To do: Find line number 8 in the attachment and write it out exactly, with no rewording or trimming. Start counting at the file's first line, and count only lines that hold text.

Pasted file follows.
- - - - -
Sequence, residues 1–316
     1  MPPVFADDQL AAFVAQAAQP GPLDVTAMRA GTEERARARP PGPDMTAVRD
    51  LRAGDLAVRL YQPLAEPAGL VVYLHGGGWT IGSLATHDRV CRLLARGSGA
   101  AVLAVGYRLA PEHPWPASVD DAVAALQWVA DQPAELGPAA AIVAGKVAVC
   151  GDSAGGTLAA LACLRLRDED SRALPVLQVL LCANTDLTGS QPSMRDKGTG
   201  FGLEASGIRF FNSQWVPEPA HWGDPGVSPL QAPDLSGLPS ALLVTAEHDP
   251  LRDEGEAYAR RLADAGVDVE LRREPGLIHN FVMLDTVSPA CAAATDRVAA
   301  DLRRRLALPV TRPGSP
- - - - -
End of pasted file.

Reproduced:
   301  DLRRRLALPV TRPGSP